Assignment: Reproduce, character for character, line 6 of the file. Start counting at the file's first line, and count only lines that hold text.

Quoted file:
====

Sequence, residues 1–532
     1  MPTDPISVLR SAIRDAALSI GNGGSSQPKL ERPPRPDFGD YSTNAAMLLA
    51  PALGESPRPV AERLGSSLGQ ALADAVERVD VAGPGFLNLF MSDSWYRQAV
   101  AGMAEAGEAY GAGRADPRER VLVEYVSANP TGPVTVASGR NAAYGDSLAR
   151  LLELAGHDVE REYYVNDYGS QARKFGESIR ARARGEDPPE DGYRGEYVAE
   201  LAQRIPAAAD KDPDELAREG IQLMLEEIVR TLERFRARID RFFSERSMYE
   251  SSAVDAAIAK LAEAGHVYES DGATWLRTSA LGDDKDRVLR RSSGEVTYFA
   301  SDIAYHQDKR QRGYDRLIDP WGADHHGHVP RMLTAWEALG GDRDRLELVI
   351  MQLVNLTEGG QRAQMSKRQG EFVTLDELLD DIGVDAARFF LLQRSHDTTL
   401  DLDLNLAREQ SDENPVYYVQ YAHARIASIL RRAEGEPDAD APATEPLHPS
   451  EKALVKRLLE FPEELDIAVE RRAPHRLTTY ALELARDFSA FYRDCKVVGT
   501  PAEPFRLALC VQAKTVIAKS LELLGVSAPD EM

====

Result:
   201  LAQRIPAAAD KDPDELAREG IQLMLEEIVR TLERFRARID RFFSERSMYE